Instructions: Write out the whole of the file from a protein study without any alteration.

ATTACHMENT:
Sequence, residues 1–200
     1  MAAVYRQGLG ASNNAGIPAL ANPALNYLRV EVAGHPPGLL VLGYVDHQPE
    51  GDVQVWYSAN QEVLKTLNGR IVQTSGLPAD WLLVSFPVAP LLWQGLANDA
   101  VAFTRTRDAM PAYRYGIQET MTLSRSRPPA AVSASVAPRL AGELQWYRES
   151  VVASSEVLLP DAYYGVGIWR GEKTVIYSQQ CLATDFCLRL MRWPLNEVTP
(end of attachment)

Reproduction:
Sequence, residues 1–200
     1  MAAVYRQGLG ASNNAGIPAL ANPALNYLRV EVAGHPPGLL VLGYVDHQPE
    51  GDVQVWYSAN QEVLKTLNGR IVQTSGLPAD WLLVSFPVAP LLWQGLANDA
   101  VAFTRTRDAM PAYRYGIQET MTLSRSRPPA AVSASVAPRL AGELQWYRES
   151  VVASSEVLLP DAYYGVGIWR GEKTVIYSQQ CLATDFCLRL MRWPLNEVTP